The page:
UK nationals and residents returning from 30 “red list” countries will be placed in quarantine in government-provided accommodation, such as hotels for 10 days, Prime Minister Boris Johnson has told MPs. Testing for Covid-19 during their stay would take place, with people allowed to leave once testing negative for the virus.
He said the government would “enforce this at ports and airports by asking people why they are leaving and instructing them to return home if they do not have a valid reason to travel”.
Announcing the new hotel quarantine requirements, the Prime Minister told MPs the government had already banned travel from countries “where there is a risk of known variants including South Africa, Portugal and South American nations”.
“In order to reduce the risk posed by UK nationals and residents returning home from these countries, I can announce that we will require all such arrivals who cannot be refused entry to isolate in government provided accommodation, such as hotels, for 10 days without exception,” he added.
Costs are yet to be announced, but it could cost in excess of £1,000 per person, and it is understood travellers from the red list countries will have to pay to isolate in a hotel, with coronavirus testing carried out during their stay.
The prime minister said the new measures are aimed at preventing new mutant COVID strains from reaching the UK.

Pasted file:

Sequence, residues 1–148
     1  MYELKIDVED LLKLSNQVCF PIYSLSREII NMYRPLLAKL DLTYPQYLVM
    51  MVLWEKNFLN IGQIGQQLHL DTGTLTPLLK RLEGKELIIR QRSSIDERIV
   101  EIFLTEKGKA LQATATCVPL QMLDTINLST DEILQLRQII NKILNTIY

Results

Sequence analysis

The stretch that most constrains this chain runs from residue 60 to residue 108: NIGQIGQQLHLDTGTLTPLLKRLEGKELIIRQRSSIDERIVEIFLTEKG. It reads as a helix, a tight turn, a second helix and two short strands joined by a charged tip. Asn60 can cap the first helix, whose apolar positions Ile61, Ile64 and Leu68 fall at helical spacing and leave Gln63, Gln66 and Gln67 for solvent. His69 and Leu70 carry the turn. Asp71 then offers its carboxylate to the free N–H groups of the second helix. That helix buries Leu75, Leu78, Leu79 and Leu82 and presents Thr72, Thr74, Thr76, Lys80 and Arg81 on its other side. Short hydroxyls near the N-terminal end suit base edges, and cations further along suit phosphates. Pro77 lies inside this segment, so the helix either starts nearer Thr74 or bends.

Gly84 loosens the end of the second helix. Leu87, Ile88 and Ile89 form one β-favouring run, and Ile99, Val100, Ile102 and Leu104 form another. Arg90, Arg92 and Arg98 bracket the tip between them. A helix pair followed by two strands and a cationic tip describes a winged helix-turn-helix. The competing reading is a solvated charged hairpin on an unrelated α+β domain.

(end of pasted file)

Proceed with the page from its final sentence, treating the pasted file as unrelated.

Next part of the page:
Mandatory hotel quarantine for arrivals have already been introduced by other countries, including Australia, China and New Zealand.
People will also be required to fill in a form explaining why their trip is necessary, with enforcement stepped up at airports to prevent leisure travel.
Commenting on the new quarantine plans, announced today by the Government, Kate Nicholls, CEO of UKHospitality said:
“Driving down cases and taking steps to eliminate new strains of the virus through enforcement of new and existing quarantine rules will help the pace of which restrictions are eased as part of the Prime Minister’s exit strategy, and hopefully lead to the reopening of hospitality sooner rather than later.
“It’s just as important, in the long term, that when travel resumes, the UK continues to have a strong reputation internationally as a safe destination and point of arrival to avoid acting as a longer-term deterrent to international visitors.